I was contacted by an Anthony Wareing a few weeks ago. He pointed me to a story within the food industry which coordinated a day of action against 20% on their food. Lots of companies and eateries joined in to lower, just for one day, the VAT on their food to 12.5%. He pointed this out to me to float the idea of a similar protest within our industry. I replied back saying I would definitely be up for getting something like that going, but I have had no reply, so I am taking on the issue myself.

Whilst a day of protest is a commendable action. I believe that our industry needs something far more long term and strong if we are to lower the VAT rate on energy efficient windows.

This is the argument our industry has for 5% VAT on windows: other energy efficient measures, that are also included alongside windows in the Green Deal, enjoy a 5% VAT rate. If windows are to be seen as just a vital home improvement as say a new boiler, they need to be treated fairly when it comes to tax. This is a fairly sound and reasonable argument as far as I am concerned. I have had a look on the HMRC website and this are the things that are eligible for a lower VAT rate:

  • draught insulation (eg around windows and doors)
  • controls for central heating and hot water systems
  • insulation on walls, floors, ceilings, lofts, etc
  • solar panels
  • wind turbines
  • water turbines
  • ground-source heat pumps
  • air-source heat pumps
  • micro combined heat and power units
  • wood-fuelled boilers

These are the items that are not eligible:

  • secondary or double glazing
  • energy efficient boilers
  • low emission glass
  • energy efficient fridge freezers
  • materials and equipment that you buy without having them installed

Two of the above apply to our industry directly. Forget the argument about Green Deal. The Government’s argument against lowering VAT will be that Green Deal covers loans for new windows. Well we all know how much that is failing in the residential market so that is a flat argument straight away. I believe that a drop in the VAT rate to 5%, just like other products, will actually create a far bigger buzz with the general public than the Green Deal ever will. I also believe that the extra business it could generate will far outweigh the tax lost by lowering the VAT itself. In turn, creating more jobs and expanding businesses that already exist within the sector. I believe that there will only be positives by implementing such a plan.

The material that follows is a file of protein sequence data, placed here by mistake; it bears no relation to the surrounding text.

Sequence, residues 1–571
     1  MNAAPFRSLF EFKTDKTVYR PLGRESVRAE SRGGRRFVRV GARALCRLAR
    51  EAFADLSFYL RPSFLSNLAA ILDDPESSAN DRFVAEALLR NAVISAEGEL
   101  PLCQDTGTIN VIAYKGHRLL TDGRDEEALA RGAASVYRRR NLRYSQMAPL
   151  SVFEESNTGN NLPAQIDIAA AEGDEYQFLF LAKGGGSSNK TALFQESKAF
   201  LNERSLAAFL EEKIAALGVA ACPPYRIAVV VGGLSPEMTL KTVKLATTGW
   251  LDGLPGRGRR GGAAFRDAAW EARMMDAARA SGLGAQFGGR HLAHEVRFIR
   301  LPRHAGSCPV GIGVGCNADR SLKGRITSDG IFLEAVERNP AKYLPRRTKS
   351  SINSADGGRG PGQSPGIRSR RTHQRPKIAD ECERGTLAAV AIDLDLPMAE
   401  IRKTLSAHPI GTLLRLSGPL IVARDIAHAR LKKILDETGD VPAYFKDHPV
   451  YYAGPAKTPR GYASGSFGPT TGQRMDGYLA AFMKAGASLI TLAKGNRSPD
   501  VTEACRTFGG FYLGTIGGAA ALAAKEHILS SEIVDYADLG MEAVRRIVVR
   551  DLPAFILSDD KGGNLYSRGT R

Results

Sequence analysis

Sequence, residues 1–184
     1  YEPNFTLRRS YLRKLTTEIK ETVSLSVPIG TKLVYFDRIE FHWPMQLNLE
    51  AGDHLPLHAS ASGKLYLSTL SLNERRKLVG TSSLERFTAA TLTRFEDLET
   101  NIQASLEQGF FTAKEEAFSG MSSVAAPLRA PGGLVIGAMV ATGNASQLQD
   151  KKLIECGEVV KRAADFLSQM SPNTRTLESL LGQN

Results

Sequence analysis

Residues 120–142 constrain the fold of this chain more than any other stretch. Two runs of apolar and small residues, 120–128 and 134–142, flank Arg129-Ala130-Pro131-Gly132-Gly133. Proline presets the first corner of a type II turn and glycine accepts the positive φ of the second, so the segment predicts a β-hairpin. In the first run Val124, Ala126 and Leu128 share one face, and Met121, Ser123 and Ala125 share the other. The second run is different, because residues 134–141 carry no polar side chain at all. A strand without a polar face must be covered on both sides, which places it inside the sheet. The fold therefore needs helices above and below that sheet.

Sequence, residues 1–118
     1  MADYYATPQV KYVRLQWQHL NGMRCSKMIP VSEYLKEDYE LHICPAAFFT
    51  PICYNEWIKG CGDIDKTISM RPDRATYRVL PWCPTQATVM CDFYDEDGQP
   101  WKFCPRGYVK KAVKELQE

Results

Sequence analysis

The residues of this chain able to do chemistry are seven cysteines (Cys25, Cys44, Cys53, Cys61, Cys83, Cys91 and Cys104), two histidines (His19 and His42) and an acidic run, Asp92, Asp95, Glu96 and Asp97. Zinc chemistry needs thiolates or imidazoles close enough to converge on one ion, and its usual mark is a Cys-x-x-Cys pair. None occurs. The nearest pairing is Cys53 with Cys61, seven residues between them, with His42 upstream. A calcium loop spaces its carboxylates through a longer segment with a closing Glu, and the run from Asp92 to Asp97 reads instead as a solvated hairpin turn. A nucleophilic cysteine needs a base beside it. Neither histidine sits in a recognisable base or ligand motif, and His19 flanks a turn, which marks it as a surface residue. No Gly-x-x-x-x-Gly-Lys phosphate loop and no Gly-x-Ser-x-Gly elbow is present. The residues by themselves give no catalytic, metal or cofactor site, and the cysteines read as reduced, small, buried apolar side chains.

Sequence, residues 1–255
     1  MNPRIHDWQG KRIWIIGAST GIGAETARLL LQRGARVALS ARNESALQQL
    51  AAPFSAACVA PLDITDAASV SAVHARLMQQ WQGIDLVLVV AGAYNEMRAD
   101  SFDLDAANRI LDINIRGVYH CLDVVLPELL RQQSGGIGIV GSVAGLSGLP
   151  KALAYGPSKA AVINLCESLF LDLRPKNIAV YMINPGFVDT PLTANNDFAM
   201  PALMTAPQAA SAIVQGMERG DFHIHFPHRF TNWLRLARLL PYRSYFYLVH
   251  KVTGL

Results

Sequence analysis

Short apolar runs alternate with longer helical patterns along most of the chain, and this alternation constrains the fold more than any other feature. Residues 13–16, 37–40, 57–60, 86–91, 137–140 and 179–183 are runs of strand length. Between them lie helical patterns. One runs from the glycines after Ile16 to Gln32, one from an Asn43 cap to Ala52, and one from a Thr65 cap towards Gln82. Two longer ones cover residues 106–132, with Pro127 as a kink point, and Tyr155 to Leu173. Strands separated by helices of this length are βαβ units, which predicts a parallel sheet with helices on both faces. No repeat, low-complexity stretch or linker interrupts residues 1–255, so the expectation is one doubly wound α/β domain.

We all think it is a good thing. But what I want to know is if I would have enough support to lead a campaign to get VAT lowered. I don’t want to fight this fight on my own. It needs a campaign spearheaded by someone or something to make sure that pressure is put on the Government and that the opposition parties help our cause. That is why I will be writing to the Shadow Chancellor Ed Balls to see if I could either get his active support or at the very least his backing.

I will be spending the next few weeks exploring the various way I can try and create an energy around this campaign and to get as much attention as possible. Whether I use DGB as the tool to do so or create a new site is still something I need to decide on. If I think I can get the active support and backing of enough of the industry, I will press ahead with this. If it’s a battle I am going to fight on my own, I won’t put my time and resources into it.

If you have any ideas on how to grow a campaign like this, please leave your comments in the section below.